2018 Corrosion Photo Competition Awards

Erika Banner

Art in Science

We believe that art is a humanizing force that enables us to push the frontiers of knowledge and foster innovation. Thus, in December 2018, we launched the first Corrosion Photo Competition Awards as part of the Chevron-Woodside Chair in Corrosion. The goal of the photo competition is to encourage students and researchers to share their achievements (and frustrations) with their peers, colleagues, friends, and the rest of the Curtin community. 

Photos are judged not only by their perceived quality, composition, and technical merit but also by the reason that led the participants to select them. Each participant could enter two photos, and they were asked to explain why they picked them.

Below are the three winners of the 1st Academic Photo Competition. You can also see the recipients of the 2019 awards here.

Third Place (a tie)

Edgar Hornus: The image is about the affected area by crevice corrosion in AISI 304L stainless steel, in chloride solutions at low temperature (0 °C). I used the PD-GS-PD (Potentiodynamic-Galvanostatic-Potentiodynamic) method with artificial crevice formers. This method is generally employed in nickel alloys or superalloys with high resistance to localized corrosion. In the image, we can see crevice corrosion with hexagonal pitting inside. Hexagonal pitting is probably due to the FCC crystalline structure of austenitic steels.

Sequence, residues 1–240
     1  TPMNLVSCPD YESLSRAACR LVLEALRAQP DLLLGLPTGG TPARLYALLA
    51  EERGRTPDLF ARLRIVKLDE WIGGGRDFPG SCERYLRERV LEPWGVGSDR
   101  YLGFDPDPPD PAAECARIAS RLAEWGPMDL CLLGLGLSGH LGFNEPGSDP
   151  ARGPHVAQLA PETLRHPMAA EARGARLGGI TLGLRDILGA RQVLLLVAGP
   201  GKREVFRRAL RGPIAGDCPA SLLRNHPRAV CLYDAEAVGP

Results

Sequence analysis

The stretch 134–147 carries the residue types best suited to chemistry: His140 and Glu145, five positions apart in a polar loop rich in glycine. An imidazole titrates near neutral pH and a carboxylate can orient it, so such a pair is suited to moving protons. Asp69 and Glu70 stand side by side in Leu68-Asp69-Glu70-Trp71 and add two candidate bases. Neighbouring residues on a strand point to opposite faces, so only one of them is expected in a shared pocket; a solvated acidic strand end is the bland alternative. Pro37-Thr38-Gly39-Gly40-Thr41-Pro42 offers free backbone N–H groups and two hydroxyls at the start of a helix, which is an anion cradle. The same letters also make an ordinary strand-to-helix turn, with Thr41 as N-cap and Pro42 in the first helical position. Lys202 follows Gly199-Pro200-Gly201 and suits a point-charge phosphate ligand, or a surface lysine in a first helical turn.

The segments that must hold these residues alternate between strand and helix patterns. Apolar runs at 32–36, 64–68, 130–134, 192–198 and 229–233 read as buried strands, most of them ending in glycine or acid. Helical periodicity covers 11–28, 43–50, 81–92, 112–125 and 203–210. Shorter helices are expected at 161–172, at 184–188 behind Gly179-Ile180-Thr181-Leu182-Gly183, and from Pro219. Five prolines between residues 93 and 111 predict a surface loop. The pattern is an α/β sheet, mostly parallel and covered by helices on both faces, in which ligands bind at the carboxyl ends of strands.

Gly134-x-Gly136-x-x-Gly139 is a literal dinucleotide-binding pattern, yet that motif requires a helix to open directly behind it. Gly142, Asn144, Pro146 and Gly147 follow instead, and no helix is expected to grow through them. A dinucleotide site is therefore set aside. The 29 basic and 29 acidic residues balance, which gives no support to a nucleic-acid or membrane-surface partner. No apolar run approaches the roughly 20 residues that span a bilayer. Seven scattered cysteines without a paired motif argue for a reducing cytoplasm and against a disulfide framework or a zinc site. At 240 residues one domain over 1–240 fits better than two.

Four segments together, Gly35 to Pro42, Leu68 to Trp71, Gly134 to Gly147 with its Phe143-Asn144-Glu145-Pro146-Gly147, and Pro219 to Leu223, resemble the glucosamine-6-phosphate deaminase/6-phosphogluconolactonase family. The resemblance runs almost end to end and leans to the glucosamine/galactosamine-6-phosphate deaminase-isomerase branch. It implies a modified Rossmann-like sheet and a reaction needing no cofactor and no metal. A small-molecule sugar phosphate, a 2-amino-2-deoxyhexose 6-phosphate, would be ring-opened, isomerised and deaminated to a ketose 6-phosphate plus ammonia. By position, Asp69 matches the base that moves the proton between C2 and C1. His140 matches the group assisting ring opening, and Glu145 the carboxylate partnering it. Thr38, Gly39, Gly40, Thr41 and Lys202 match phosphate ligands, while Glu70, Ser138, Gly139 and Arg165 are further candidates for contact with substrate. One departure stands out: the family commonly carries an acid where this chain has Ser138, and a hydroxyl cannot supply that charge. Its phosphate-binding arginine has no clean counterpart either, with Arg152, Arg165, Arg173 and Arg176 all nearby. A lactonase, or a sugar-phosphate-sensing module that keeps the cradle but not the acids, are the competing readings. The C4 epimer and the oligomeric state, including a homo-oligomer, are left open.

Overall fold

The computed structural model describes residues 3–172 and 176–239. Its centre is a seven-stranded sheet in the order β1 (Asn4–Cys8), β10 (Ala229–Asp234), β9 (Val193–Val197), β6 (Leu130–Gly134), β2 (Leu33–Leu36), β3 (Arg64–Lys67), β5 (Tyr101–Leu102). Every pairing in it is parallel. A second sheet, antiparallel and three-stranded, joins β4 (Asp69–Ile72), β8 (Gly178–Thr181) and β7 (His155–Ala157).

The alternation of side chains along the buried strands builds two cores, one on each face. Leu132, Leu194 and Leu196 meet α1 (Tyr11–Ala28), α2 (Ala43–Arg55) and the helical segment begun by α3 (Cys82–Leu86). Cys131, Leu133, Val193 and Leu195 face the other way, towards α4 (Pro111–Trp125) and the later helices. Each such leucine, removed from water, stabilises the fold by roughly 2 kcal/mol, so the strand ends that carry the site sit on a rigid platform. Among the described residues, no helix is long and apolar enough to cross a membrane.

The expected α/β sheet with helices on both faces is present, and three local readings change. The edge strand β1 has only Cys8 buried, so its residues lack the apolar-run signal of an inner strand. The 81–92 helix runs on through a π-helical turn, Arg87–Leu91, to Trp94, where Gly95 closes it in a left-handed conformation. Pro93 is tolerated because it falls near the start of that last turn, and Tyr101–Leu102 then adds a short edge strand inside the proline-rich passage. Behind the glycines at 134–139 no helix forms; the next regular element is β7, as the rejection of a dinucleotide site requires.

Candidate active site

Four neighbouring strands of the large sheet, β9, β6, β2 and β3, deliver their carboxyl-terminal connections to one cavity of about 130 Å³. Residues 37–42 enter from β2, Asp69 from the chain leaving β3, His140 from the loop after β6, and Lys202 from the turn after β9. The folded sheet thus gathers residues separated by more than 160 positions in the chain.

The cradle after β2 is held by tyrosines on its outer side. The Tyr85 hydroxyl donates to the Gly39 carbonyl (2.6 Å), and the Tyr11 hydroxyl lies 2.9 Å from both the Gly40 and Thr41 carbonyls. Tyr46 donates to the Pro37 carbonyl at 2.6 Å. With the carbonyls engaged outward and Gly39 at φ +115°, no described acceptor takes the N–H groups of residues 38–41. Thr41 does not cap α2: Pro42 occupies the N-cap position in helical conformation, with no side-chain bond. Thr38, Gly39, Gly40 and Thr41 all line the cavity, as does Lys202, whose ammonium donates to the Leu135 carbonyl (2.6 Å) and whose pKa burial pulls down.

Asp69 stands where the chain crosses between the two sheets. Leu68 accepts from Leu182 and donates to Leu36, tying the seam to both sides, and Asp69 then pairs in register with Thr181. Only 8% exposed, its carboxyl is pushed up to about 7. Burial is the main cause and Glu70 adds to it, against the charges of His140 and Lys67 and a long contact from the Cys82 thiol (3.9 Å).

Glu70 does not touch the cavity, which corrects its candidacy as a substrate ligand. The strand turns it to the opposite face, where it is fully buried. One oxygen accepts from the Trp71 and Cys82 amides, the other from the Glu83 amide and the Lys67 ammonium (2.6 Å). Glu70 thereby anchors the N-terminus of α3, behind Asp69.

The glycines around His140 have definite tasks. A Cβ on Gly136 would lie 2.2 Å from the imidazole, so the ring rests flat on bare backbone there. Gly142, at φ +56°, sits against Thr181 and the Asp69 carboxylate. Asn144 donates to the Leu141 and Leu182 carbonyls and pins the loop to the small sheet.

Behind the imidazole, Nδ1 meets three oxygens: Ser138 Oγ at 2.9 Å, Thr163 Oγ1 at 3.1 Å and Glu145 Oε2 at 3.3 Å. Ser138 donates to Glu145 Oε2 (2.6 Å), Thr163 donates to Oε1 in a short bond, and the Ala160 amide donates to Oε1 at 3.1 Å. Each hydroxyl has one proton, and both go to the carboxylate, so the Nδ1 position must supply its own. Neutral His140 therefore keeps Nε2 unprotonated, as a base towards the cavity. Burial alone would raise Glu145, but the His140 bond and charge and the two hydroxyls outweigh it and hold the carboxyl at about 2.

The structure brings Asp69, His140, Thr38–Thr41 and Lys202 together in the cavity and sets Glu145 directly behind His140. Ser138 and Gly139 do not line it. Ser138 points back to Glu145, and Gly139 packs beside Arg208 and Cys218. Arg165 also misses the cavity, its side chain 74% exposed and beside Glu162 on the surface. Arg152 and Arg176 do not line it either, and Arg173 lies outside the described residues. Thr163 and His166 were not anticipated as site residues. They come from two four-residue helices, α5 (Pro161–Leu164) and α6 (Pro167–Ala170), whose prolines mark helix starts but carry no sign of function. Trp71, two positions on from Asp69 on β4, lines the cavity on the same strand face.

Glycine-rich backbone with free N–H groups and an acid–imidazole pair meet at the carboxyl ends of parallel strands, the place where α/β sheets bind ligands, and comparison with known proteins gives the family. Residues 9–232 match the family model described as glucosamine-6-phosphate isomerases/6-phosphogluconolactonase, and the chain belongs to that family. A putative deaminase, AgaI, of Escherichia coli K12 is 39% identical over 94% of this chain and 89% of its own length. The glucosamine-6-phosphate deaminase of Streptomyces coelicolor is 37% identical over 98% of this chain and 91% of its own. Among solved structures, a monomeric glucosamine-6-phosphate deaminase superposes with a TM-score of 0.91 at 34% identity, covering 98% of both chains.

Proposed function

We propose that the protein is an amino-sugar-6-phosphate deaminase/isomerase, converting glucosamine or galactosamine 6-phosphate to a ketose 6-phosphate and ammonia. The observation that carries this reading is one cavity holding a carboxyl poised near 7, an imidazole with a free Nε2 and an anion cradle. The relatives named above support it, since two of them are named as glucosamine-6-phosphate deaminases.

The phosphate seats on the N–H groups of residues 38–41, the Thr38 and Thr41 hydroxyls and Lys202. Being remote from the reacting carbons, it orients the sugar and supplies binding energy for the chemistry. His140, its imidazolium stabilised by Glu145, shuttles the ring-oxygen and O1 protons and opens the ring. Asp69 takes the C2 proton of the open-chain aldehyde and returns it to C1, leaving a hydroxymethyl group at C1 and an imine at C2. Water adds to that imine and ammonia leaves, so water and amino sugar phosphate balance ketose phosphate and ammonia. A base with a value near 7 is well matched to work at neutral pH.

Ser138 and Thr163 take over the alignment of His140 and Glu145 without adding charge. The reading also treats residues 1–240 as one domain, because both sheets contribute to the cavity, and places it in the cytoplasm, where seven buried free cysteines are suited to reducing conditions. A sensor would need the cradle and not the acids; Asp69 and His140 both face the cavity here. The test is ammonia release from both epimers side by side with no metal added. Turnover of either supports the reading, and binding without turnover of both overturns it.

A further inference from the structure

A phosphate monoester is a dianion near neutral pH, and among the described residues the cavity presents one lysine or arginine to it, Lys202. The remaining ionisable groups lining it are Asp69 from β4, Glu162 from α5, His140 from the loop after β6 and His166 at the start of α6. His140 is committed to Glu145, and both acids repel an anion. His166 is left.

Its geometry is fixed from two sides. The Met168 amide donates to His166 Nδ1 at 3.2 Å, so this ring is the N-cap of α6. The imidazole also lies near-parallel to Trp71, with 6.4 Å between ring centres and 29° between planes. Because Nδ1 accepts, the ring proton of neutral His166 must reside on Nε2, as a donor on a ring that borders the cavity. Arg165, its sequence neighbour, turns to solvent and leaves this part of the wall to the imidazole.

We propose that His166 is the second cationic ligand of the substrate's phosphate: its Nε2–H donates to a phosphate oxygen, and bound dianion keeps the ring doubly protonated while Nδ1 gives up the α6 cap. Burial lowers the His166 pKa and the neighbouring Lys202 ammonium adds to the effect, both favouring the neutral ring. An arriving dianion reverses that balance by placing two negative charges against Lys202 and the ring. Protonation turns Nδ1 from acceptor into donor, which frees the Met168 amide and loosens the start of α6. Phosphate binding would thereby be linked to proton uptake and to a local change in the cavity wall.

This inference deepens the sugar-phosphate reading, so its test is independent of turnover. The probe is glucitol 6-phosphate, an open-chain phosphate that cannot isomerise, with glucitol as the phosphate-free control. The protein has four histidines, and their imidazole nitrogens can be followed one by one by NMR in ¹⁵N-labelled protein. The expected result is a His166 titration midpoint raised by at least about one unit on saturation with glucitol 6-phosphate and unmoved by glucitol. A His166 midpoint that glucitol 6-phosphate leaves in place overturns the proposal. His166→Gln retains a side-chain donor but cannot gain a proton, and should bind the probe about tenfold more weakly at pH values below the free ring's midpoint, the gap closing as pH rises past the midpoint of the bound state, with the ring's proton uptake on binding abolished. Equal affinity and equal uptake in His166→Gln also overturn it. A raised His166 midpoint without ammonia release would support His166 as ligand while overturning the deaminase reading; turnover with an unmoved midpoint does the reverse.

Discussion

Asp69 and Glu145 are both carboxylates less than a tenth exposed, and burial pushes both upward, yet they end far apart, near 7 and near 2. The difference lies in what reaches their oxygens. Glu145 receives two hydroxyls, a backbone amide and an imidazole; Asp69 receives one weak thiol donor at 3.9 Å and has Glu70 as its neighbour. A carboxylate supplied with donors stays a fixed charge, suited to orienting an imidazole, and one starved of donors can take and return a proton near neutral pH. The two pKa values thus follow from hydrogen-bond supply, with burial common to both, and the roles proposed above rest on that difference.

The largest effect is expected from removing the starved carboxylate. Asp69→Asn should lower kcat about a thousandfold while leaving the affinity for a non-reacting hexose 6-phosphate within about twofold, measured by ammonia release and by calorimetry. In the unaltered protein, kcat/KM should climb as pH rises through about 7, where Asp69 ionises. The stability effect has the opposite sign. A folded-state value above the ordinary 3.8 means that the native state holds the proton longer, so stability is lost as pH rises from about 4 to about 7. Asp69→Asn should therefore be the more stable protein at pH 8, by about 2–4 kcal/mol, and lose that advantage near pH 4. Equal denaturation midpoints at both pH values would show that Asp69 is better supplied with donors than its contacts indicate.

Hoda Ehsani: I like this photo because it shows how bacteria crosses through the crevice and caused pitting corrosion. The pit depth under the crevice was around 10 μm, and this picture shows that bacteria are responsible for it.

Second place (a close call)

Erika Suarez: This bacterial isolate in certain conditions is able to extract electrons directly from the steel surface acceleration cathodic reaction, thus leading to electrical MIC (EMIC).

First Place

María Sofía Hazarabedian: I have chosen this picture because it clearly shows the degradation of properties due to the hydrogen content as well as the effect of inclusions on metals. Finally but not less important, it represents personal progress for the sample preparation process and the acquisition of fractography images that are characterized to have a wide depth of field.


Many thanks to Prof. Claus Otto, Prof. Vladimir GolovanevskiyProf. Garry Leadbeater, Dr Zakaria Quadir, and Prof. Rolf Gubner for reviewing all the entries. Also, special thanks to Esteban Rodoni printing the photos for the exhibition, and for his photography, which we use across this website!